I got the factory Bridgestone Trail Wing 203 and 204 tire for the TW. I figured that I’m going to be using this to commute back and forth to work more than I’m going to be attempting to injure myself on a motocross track. I had no idea what the tires would look like in person, but they’re really cool. Tread depth is really deep. And the end goal of less vibration and better handling on streets is achieved nicely. The bike is fun to ride hard around town without even breaking the law. I put a smaller rear sprocket on it to calm down the engine buzziness at 50mph as well. Overall, this was a good idea. These tires are really nice. They installed well and required hardly any weight to balance them out.
Making a Pointer Brand barn chore jacket fit OK
I don’t really care for these jackets for any reason other than they look good on people online. In real life they fit like a tent, are unlined, have loose threads all over the place, etc… I’m all for supporting the USA made products, but these are a bit out of hand on price in my opinion. I have a 38” chest and bought a size medium way back when and the thing needed some work before I’d wear it in public.
Here’s the list of things I did to get this coat fitting in what I consider to be a reasonable fashion:
- I darted the back which took it in about three inches in total
- I took it in along the sides which removed about another 1.5” of bagginess
- I took in the sleeves about 5/8” so that they met up with the cuffs evenly. Then tapered up to the armpit. I didn’t take it in at the armpit at all.
The top of the coat fits my shoulders fine, it was just that it hung off of me like a potato sack otherwise. This isn’t good if you plan on working on moving machinery, riding a motorcycle, or don’t want to look like an escaped convict in public. I took a photo to show that the coat still has enough room at the shoulders so you can lift your arms and have free movement without the coat rising up like a fitted suit jacket. That said, I think the coat fits me pretty well now and it took me all of five minutes to sit down and sew on it. I left all of the original fabric in the coat. It’s just hidden on the interior now.
I’ve got my bike polished up for the season. This is the 13th year I’ve had it. Tonight while I was out riding I spotted another W650 parked on Main Street. Weird. Too bad about all the weird black paint mods, missing fender, etc… It was really odd to run into one though.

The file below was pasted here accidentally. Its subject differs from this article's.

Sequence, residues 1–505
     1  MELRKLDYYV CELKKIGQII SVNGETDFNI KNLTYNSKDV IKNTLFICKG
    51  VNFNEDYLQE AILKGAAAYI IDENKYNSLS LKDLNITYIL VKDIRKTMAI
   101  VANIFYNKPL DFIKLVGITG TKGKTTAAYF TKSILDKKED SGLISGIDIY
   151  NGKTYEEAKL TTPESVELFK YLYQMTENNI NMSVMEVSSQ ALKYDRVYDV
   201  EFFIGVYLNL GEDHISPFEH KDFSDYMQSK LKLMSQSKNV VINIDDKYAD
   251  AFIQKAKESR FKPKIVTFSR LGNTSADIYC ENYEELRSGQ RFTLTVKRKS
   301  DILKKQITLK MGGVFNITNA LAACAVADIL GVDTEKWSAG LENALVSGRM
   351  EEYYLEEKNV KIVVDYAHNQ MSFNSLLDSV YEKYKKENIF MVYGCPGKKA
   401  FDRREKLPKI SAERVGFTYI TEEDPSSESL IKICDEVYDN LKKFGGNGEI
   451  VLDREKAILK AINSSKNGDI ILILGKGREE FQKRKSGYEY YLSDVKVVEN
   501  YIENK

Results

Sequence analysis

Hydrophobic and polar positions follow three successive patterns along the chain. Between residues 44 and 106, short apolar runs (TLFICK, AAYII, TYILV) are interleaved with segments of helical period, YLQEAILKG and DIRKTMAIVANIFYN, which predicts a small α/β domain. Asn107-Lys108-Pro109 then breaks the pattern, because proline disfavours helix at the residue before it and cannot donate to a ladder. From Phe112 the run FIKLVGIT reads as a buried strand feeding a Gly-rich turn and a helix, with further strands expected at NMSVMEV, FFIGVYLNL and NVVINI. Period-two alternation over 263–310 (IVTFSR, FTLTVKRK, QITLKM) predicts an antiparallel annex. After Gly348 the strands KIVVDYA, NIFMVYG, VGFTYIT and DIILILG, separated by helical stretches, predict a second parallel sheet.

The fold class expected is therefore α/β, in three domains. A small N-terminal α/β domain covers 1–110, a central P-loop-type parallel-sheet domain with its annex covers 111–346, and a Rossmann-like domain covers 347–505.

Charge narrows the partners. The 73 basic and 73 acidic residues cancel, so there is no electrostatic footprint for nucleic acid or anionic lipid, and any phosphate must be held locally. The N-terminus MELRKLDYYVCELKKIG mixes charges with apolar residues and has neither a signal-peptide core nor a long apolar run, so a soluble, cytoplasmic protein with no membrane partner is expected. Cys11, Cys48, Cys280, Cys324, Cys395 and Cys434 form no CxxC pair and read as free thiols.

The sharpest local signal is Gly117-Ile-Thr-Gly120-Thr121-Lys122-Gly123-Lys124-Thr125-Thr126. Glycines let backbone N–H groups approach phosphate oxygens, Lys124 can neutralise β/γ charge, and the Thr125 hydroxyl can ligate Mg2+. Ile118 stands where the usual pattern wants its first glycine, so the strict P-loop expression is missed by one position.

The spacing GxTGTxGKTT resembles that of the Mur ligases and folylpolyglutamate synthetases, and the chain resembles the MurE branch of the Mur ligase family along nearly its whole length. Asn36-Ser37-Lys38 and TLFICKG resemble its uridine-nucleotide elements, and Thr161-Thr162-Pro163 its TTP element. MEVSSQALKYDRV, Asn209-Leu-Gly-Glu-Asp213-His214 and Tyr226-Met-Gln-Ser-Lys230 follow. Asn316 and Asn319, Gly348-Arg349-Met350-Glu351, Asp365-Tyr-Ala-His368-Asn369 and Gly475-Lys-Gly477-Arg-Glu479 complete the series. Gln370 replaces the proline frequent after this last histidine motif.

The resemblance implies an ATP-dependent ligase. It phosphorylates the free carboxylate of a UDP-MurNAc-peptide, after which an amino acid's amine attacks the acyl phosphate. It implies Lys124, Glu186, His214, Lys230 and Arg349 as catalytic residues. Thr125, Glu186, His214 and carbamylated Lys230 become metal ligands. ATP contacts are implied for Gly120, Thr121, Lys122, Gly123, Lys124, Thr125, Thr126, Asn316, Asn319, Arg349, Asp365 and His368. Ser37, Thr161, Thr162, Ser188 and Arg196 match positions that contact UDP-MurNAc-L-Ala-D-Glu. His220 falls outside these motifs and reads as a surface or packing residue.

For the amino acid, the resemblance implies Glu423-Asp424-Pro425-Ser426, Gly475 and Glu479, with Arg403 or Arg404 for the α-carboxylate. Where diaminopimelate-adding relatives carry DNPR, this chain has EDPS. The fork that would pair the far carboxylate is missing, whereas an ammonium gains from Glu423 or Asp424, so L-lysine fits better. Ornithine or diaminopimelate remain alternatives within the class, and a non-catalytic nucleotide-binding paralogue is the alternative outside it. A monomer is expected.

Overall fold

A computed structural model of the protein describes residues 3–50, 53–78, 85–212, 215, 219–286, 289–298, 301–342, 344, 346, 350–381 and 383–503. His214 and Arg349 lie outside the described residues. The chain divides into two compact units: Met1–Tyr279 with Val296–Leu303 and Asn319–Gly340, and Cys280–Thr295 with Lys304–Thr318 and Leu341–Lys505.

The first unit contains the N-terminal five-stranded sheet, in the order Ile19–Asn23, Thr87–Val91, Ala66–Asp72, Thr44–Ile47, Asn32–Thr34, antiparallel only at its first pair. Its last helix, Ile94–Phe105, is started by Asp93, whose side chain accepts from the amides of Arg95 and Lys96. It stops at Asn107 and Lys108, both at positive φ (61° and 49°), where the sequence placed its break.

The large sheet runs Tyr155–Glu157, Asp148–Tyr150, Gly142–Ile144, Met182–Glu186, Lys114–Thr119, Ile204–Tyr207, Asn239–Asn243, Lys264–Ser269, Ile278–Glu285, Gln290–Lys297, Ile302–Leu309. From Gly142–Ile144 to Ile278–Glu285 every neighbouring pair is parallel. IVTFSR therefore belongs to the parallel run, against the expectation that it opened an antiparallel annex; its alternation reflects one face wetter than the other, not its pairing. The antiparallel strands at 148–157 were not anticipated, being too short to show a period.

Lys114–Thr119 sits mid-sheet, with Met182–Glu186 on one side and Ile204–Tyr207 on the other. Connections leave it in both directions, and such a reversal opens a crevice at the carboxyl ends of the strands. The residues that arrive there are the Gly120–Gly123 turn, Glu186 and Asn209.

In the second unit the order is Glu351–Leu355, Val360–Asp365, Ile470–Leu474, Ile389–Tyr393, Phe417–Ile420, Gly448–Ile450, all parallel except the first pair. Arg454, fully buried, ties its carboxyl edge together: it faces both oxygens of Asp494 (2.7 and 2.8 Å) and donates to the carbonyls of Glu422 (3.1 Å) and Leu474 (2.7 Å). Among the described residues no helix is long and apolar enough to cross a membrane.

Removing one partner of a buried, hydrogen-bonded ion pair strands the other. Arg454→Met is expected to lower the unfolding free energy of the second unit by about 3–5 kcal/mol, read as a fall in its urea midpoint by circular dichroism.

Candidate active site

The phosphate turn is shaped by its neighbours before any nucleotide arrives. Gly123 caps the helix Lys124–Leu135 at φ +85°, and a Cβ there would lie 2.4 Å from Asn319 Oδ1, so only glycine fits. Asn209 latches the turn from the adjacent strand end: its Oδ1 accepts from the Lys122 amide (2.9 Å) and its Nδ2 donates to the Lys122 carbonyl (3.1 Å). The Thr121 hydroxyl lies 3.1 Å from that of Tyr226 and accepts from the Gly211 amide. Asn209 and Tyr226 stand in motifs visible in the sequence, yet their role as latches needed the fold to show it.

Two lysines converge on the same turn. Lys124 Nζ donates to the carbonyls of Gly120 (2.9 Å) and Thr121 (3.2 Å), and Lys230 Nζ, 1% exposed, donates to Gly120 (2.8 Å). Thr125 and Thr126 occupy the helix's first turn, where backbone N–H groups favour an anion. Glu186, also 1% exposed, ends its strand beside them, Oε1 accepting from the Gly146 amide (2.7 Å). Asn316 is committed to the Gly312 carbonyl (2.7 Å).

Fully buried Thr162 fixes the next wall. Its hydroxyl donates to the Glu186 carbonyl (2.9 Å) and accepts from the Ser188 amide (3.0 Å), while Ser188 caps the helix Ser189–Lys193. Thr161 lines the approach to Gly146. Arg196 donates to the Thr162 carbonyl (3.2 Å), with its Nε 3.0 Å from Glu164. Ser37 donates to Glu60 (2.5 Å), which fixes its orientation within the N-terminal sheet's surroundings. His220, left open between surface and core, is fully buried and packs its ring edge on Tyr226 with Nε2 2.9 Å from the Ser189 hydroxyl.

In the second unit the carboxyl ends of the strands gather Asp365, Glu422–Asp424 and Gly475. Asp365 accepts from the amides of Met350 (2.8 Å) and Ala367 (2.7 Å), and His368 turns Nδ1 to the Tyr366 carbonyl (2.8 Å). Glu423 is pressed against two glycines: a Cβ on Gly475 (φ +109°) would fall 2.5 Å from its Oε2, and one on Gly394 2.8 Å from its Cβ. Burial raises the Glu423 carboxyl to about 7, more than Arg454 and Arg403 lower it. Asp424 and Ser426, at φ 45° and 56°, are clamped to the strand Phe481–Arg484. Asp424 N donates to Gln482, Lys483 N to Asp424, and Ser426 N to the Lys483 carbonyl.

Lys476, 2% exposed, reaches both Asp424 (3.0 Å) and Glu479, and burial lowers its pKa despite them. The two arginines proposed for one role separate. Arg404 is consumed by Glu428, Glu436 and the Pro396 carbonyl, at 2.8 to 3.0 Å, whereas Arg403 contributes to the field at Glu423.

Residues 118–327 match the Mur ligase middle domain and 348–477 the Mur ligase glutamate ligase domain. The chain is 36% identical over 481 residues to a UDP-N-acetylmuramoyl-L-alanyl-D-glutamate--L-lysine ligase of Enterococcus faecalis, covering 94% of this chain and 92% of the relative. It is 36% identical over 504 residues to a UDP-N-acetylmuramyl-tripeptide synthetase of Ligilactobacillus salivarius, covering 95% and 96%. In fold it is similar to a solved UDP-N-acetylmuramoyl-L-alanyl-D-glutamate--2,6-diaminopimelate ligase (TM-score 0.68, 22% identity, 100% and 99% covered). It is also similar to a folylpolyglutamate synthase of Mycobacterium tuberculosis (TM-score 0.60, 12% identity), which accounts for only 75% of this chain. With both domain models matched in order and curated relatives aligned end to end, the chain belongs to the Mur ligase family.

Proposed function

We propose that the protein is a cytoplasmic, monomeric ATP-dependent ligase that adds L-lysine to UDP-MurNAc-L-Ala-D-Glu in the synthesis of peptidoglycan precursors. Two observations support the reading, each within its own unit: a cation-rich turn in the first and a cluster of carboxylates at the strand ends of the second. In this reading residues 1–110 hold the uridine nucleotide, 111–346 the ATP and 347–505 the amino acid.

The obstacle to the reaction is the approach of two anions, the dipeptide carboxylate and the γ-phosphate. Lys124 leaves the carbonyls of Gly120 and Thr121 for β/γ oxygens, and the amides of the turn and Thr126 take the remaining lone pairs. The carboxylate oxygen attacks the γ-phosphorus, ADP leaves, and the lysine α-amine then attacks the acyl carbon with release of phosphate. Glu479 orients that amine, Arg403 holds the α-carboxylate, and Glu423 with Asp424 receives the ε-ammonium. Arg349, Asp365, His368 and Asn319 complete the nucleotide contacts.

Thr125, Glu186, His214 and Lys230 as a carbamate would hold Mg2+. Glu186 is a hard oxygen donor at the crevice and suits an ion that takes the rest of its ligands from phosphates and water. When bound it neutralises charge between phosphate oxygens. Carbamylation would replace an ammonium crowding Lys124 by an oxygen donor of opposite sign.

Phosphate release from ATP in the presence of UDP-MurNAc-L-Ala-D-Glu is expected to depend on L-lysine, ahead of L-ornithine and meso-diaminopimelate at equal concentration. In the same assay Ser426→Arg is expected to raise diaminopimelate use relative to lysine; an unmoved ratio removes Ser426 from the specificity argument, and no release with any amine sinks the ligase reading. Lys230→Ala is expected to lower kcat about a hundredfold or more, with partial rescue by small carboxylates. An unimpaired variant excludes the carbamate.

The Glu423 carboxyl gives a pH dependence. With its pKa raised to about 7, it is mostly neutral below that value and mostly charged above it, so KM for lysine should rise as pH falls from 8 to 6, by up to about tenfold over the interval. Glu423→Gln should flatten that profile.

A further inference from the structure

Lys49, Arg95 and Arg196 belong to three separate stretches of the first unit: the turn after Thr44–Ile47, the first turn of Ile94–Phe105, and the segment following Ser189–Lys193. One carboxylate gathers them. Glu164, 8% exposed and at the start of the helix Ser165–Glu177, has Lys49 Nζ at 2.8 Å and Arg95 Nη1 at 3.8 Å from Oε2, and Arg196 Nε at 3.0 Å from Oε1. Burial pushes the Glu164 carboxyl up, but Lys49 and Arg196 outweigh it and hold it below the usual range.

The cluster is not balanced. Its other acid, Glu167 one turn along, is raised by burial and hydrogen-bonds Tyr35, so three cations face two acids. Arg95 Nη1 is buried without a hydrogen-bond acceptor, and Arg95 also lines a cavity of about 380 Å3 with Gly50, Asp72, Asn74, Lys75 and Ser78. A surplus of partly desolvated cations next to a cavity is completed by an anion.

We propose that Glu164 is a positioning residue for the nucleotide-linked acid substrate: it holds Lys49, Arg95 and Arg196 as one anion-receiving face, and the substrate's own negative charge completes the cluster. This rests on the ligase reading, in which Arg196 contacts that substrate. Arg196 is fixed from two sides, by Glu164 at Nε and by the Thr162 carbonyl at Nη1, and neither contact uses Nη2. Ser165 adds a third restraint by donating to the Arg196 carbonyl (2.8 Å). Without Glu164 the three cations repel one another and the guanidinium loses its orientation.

Late winter boredom sets in. Photographing boots and shoes.
Kawasaki on board.
This is the original Kawasaki W1 (650cc) parallel twin. Kawasaki claims that this bike was the inspiration for the W650 I have. Just looking at the engine cases you can tell that this isn’t true. The original was heavily based on a BSA engine. The W650 engine is an interesting looking engine. Triumph Bonneville on one side.. Ducati on the other? The bevel drive cam timing is unique and unlike anything on this ancestor. It’s cool to see an original bike though. They’re super rare at this point in the game.
Sasha’s no fan of the late season snow this afternoon. It’s a wind-free day with giant clumps of snowflakes, so at least it looks pretty.
I picked up where I had left off on Mike’s KZ650 seat back in… October. Free upholstery is cheap, but not fast ;-)
I found some Kodachrome slides when we were cleaning yesterday. Someone’s trip to Greece in 1967. Shot with a Kodak Instamatic camera.
I made a belt for one of my coworkers today. He wanted a black belt, so I dyed some brown veg tan leather but I wanted to keep it interesting, so I left the sides undyed to give it some contrast. He wanted the buckle. Not my favorite, but it works. My goal was just to make him a belt that is a lot more durable than store bought belts.
I like to share stuff I feel represents a good value for the cost. This is one of those products. It’s not a multi-thousand dollar DAC, but this ‘DAC Destroyer’ made by HotAudio serves two useful purposes. First it provides a clean (enough) RCA output signal from your Mac or Windows PC so you can amplify the signal. It also includes a 3.5mm headphone jack that can power 32ohm or even 250ohm headphones reasonably. I’m going to use it to power my headphone amplifier at work. It’s powered by the USB cable, so it doesn’t waste an electrical outlet. There’s nicer stuff out there but you’ll pay dearly for it to chase the law of diminishing returns.
These are hand made in Canada by one dude. He solders them by hand, including that IC DAC chip. You can get one at HotAudio’s website.